David: Really, it’s the promise of more credit in the future and more cash flowing from the central banks of the world. While that is predictable, we remain concerned about the inflationary effects this has down the road. Note that over 70%, closer to 78% of companies that reported earnings in the first quarter, lowered guidance for the second quarter and the full year 2013.

In other words, while the numbers are okay, just lower your expectations moving forward, because I don’t know that we are going to deliver what we did this quarter. This is, of course, how they can continue to “beat expectations,” which is an easier task to accomplish when you have lowered the expectation bar.

Again, even if you lower the earnings expectations, and beat it by a penny, that’s very popular among CFOs, a game they like to play, lower the expectations and then come in and beat your expectations by a penny.

Kevin: And keep your job. (laughter) Always beat expectations.

David: We would expect the price earnings numbers to rise very quickly. As prices stay relatively elevated, I think we could see the S&P hovering around 1500-1550. But here is the question. If earnings begin to fade, then again, you go back to the two variables, price versus earnings, you are going to find yourself in the 20s very, very quickly, and, without any argument, at a level that is not sustainable.

Kevin: So David, what you are saying is, prices could continue to increase, but if earnings start to fall away, your PE ratio gets out of whack.

David: And your CFOs, CEOs, COOs, have already told you to lower your expectations for the rest of the year. So what is an investor buying today? He is buying momentum. He is not listening to earnings calls, I can tell you that much. He is not listening to earnings calls, and he is not doing his homework. He is buying a momentum trade, period.

Kevin: Talking about momentum trades, everybody remembers 2007-2008. That was very, very painful in the stock market, and we really didn’t even have that high of PE ratios at that time, so you don’t have to have outlandish PEs before you have a major crash.

David: That’s right. The downturn took place and we were not in the nosebleed sections at that point. But also recalling 2007 and December of 1999, we have January’s 30 billion dollar increase in margin debt. That puts us now north of 360 billion dollars in margin debt.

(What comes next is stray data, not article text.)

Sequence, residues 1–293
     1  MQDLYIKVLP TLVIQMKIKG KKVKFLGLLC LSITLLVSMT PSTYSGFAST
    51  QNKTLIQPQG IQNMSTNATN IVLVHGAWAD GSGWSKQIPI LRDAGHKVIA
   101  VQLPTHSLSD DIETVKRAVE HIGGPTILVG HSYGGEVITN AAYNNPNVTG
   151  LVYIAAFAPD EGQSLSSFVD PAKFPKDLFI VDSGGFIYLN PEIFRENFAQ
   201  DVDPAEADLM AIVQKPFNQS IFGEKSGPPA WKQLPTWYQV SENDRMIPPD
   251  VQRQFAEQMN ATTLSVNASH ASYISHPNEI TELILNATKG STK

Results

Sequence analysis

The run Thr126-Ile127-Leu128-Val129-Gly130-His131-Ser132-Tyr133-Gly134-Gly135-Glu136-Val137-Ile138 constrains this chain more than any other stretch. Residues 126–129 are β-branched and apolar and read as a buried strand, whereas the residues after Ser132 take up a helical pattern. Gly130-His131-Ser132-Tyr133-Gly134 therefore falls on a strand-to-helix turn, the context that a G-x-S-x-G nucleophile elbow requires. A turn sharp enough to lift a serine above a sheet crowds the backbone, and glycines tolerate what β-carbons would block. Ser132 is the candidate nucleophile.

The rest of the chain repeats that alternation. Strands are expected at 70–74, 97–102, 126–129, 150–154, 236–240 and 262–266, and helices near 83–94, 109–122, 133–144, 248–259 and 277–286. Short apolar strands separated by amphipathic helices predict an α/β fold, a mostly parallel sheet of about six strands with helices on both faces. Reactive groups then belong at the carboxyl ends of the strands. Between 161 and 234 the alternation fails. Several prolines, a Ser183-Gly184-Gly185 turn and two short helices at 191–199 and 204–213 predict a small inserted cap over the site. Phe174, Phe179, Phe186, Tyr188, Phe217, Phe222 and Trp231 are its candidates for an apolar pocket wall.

Kevin: That’s borrowed money going into the stock market, but it has to come back out just as soon as it starts falling.

David: Right. So by the time February and March are counted, we may have already surpassed the records, but until we know that, we have now the third highest on record, and an indication that investors are not only all in with their own money, leaving very little cash on account, but they are borrowing from the house, a little bit punch-drunk, borrowing money from the house, to get more exposure to what has quickly become viewed as a sure bet.

Kevin: Some people, let’s face it, they just need income, Dave. They need some sort of return. Inflation is such a drag. When you can’t earn anything in fixed type of income assets, sometimes you feel like you have to either buy real estate, like you have talked about before, or equities, just to be able to keep up.

David: And on that theme, when you are looking at inflationary effects, remember that a little bit of inflation boosts equities, as investors seek a hedge in traditional allocations. It boosts oil, boosts gold, but it does boost equities. But also remember, investors are ultimately concerned with, and they are seeking, a real rate of return. And of course, we have had our taxes raised considerably this year, and more is expected going forward, but after taxes, and after inflation, which again, the official numbers are tame today, in our view, understated, but after taxes and after inflation, they would require a considerable appreciation to stay in that break even category on your investment. Thus, periods of inflation are ultimately very discouraging to equity investors.

Kevin: So inflation may push money initially, but inflation ultimately pulls it back out.

David: And requires a painful recalibration in corporate America as the cost of capital increases. Think of refinancing debt on your house at ever-increasing rates versus lower and lower rates. It is the opposite benefit. Instead of having extra cash to spend because you refinanced at a lower rate, refinance at a higher rate and you have less cash to spend.

That’s the same with a company that is needing to do research and development or product development or marketing, or whatever, to grow their business. There is less money to go around in a rising interest rate environment and it hurts their earnings further. So although equity investors are told inflation is good for you, sure, in a minor dollop, a small dose, of course.

But in a large dose, it depends on whose methodology you are using. Our methodology from the 1980s would put us close to double-digit. Our methodology in the 1990s was about 5%, and our methodology today, conveniently, says there is no inflation today. Your cash flow ends up being more constrained if you are an investor in an inflationary environment, if you are a company manager in an inflationary environment. This is the problem.